In this post, I will show you why Malaysia is truly Asia and why you should spend a few days in Kuala Lumpur. Consider to experience Asia in a nutshell: from chaos to luxury and from traditions to modernity!
Malaysia is not a super popular destination in the South East Asia, where Thailand and Indonesia are usually the first choices and even its slogan “Truly Asia” sounded to me a bit exceeding at first. Damn, I was so wrong! Malaysia is for real the perfect and peaceful fusion of different Asian (and not only) cultures.
This harmony is reflected in the food, languages, religions, hundreds of skin tones and the kindness of Malaysians, always smiling and willing to help you. It was a special travel for us. I was expecting an unknown nature, new dishes to try at home and beautiful colonial facades, but we found so much more: a real human interaction that made us feel welcome and rarely as only tourists.
Now I fully agree: Malaysia, Truly Asia!
If you are planning a travel and you need practical info about sightseeing, transport, budget and general info about Malaysia, don’t miss the post Malaysia Ready to Go: 17-day itinerary, cost and tips.
And for the flight, ready my best 8 travel hacks to get the best deal!
#1 Kuala Lumpur
Kuala Lumpur, or KL for friends, gave us a great welcome thanks to the first Uber driver we met; in 50 km from the airport to the city center we had a full picture of Malaysia, including real estate info, economics and folkloristic details! Friendly, helpful, talkative, but never invasive: this is the best description of Malaysians. English is well spoken and funny written (like Sentral instead of Central), even if we had few reminiscences from Thailand:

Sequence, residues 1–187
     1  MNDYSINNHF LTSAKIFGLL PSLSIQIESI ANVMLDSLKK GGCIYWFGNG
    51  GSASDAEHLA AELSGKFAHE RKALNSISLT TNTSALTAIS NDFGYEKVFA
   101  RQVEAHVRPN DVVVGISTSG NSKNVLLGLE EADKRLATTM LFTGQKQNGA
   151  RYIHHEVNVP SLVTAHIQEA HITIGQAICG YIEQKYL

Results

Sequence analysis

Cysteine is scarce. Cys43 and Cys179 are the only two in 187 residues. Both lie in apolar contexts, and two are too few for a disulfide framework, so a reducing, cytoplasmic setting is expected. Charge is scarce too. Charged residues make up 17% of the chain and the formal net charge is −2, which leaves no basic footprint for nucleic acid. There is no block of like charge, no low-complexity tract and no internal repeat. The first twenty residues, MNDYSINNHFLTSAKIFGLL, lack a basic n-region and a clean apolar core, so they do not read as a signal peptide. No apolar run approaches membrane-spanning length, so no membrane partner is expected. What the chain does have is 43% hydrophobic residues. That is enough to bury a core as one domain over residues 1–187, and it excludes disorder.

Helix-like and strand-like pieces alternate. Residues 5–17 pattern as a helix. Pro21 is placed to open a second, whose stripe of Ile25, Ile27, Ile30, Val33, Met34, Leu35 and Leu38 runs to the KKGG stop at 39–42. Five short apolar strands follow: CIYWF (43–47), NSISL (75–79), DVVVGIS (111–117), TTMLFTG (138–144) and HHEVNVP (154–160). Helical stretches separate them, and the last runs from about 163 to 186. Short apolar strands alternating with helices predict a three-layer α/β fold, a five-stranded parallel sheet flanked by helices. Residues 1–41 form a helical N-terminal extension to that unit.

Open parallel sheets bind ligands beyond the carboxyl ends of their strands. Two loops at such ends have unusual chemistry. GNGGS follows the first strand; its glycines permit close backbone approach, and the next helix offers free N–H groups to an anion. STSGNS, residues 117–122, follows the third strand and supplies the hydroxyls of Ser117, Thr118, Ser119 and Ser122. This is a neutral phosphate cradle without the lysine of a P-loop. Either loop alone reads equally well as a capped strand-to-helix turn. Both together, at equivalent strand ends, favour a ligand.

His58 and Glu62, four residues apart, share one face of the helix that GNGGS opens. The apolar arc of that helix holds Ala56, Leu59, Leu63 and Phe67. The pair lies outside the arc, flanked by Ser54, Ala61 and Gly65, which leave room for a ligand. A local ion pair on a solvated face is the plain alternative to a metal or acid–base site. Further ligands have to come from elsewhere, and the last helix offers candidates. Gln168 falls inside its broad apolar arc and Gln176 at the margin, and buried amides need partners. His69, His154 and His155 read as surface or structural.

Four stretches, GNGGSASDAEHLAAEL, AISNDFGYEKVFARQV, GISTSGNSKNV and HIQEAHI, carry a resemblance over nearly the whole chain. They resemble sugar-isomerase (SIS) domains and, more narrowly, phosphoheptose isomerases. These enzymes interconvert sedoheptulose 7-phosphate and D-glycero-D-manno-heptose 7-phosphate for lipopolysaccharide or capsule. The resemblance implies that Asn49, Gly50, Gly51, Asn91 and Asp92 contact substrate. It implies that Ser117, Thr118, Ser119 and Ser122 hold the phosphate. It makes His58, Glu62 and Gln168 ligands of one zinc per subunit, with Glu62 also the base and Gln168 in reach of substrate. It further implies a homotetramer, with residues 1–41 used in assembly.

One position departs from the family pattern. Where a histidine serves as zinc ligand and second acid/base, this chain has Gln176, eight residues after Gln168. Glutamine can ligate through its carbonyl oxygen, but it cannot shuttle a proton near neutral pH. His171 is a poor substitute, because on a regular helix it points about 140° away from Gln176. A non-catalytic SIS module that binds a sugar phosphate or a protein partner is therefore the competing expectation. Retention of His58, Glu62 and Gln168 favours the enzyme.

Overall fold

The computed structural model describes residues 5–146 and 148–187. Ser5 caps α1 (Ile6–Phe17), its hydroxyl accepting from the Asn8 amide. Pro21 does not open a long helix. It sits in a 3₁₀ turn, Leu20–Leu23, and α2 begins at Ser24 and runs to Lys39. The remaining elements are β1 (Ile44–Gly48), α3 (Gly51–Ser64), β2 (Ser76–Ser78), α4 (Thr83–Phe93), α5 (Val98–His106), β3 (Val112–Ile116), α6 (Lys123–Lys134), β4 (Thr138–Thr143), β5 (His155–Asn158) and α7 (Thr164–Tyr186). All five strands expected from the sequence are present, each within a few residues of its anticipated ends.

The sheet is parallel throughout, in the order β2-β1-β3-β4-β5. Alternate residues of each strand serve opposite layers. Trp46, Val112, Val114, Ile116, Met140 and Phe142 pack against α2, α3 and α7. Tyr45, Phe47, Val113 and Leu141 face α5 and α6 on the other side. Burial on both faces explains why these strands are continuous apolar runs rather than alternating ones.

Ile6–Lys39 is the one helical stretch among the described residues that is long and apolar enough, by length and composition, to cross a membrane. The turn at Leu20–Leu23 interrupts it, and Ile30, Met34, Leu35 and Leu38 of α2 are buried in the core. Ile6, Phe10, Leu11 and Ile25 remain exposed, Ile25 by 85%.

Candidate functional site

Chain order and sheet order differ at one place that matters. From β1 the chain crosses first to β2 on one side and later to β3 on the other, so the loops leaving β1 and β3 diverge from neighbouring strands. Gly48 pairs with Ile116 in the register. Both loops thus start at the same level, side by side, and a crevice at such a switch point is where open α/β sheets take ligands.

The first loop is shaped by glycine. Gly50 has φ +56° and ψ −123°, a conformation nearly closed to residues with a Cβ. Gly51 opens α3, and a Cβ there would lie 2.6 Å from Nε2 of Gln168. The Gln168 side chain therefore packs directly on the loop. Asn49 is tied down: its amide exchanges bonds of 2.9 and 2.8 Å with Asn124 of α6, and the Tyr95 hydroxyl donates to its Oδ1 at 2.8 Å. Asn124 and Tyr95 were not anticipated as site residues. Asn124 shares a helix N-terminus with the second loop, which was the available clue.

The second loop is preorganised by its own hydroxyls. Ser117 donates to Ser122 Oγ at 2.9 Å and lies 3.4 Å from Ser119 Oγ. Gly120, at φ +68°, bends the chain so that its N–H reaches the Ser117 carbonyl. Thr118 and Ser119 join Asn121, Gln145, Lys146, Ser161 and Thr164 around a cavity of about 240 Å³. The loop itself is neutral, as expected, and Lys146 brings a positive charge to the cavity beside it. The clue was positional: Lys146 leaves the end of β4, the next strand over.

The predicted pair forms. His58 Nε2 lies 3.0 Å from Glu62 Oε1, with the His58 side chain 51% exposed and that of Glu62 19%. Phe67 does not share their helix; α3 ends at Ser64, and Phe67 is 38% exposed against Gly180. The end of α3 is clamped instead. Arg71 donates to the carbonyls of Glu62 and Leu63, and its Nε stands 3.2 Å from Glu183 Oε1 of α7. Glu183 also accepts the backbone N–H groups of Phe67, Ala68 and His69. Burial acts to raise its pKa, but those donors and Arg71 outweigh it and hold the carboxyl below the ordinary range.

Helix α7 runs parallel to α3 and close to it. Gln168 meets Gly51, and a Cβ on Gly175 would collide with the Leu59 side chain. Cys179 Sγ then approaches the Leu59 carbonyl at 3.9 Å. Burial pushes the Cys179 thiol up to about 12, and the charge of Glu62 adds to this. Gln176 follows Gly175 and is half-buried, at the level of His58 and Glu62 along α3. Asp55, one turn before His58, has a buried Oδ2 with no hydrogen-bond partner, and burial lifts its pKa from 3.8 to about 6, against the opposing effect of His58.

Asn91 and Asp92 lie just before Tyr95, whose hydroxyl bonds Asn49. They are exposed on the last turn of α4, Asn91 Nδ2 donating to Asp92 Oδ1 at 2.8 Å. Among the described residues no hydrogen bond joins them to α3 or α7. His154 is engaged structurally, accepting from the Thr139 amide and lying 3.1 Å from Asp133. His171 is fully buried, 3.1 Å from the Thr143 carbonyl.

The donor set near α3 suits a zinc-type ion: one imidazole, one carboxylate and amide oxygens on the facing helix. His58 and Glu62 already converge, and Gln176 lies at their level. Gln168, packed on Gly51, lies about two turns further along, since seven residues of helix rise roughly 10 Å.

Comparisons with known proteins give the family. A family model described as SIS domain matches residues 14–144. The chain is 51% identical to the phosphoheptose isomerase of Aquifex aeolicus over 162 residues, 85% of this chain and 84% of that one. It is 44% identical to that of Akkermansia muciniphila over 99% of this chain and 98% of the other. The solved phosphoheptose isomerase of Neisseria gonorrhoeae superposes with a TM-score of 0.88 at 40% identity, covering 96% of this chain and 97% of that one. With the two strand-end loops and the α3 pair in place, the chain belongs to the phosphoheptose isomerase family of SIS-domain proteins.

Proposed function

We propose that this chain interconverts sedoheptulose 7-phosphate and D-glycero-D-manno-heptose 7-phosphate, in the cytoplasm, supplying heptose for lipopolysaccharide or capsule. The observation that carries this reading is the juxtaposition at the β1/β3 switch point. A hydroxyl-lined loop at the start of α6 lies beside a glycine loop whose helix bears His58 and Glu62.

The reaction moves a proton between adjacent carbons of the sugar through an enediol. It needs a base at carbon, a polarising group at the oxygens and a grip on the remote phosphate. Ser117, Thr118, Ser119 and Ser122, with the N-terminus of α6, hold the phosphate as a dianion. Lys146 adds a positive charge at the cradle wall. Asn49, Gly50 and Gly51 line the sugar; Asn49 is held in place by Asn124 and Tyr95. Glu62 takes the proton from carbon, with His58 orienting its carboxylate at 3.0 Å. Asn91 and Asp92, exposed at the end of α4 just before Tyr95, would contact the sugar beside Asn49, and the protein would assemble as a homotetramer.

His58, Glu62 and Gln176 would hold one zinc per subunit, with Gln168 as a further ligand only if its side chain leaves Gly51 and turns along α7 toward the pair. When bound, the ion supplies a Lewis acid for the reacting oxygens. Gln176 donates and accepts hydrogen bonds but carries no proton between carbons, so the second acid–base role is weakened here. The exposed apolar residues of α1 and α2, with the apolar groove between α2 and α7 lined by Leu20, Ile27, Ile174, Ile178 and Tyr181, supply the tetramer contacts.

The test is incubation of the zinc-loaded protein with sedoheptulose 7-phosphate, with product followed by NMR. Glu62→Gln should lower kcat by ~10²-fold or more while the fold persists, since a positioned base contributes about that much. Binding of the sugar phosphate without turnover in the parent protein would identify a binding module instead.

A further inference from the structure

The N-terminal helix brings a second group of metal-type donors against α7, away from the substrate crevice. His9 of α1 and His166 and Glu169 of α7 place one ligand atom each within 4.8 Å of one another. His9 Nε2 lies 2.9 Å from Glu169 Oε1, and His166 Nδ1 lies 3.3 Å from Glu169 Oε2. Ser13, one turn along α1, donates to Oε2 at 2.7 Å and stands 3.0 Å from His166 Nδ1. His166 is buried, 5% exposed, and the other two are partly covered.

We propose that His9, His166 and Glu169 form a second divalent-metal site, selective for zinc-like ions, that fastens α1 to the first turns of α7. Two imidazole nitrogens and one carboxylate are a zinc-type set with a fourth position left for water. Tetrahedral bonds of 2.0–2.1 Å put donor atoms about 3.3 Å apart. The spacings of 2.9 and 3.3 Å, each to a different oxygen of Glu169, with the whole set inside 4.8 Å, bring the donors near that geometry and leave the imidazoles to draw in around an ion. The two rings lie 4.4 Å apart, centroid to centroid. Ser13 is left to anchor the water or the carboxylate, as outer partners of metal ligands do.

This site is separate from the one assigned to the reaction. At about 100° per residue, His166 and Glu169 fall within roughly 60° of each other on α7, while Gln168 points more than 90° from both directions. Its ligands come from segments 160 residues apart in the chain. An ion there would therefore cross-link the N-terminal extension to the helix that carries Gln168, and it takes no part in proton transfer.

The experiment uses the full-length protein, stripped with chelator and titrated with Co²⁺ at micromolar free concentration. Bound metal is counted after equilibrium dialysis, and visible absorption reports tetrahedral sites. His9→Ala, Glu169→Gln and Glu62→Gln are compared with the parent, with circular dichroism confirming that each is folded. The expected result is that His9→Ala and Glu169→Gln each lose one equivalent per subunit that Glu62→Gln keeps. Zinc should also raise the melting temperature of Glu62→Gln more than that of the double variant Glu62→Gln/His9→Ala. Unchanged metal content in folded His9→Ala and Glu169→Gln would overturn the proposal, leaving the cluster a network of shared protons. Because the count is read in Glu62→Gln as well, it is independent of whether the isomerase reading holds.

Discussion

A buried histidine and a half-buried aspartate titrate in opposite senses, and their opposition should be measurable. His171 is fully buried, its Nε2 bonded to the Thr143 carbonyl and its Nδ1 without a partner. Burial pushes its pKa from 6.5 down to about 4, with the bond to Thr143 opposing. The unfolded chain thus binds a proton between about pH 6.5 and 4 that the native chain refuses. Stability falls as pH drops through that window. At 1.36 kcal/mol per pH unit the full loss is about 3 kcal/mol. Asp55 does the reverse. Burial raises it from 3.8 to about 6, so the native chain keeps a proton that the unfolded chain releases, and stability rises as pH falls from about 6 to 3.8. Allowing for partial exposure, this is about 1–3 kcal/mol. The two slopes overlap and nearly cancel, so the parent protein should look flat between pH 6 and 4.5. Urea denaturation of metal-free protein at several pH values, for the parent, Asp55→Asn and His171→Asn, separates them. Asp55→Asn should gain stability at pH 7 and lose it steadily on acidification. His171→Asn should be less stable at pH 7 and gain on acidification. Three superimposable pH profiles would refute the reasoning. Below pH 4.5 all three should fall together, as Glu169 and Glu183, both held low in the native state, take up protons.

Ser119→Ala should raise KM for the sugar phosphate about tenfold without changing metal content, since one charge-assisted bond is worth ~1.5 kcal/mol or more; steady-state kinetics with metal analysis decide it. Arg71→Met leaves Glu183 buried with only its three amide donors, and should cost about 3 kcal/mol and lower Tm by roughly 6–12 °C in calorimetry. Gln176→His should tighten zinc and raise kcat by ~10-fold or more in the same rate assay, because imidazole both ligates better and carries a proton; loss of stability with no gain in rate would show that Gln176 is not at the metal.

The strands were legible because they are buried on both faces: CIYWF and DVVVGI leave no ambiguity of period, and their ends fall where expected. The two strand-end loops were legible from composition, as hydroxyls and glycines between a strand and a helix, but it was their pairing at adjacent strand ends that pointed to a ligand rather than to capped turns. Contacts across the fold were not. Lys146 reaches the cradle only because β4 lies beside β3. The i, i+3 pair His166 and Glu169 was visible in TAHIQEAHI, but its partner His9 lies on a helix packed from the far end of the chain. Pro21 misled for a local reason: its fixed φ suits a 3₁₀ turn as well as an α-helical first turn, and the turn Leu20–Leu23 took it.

-“What is your hotel?” – Asked me the driver;
– “Hotel Transit” – I replied with self-confidence.
-“Hotel t-r-a-n-s-i-t… in front of the bus station!” (“mmhh… maybe it is not famous…”- I thought blaming myself for the last minute change!)
-“The bus station?… ahhh, Hotel Transìt”. O_o; ok, but what did I just say??
Chaos in Chinatown and Petaling Street
The previous experience in Bangkok limited our initial cultural shock, but we still felt the tiring chaos nearby Chinatown and Petaling Street: uneven sidewalks with deep holes, heavy traffic streets with 3 or 4 lines, zig-zag between plastic tables and chairs, car exhaust gas mixed to the smell of barbeque. But all this is part of the Asian beauty!
Jalan Alor is another great tip for street food, spend there one evening, don’t think too much about hygiene and just grab different dishes for an authentic foodie experience.
Luxurious Petronas Towers and KLCC Park
The North area around the Petronas Towers and the KLCC park has just the opposite atmosphere: contemporary skyscrapers designed by archistars, luxurious hotels, and shopping malls show the modern face of Kuala Lumpur and its desire to develop as a rich metropolis.
Walking around the Petronas Towers allows discovering new architectural details. Photogenic and futuristic, they are a magnet for tourists (including us!). The best view is from the South, where the giant fountain is the perfect basement for the architecture in the background; on the other side, the tropical KLCC park offers shade, a playful swimming pool for children (super clean) and the soundtrack of an artificial waterfall. We were amazed!
From The Petronas Towers, take the metro to visit Merdeka Square and from there head to Little India, a colourful and busy district.
Floating on the top of Menara KL (Tower KL)
Are you in doubt if buying the tickets to visit the Petronas? Consider Menara KL: you will be able to see the famous landmark (from a bit lateral view), instead of being on the top!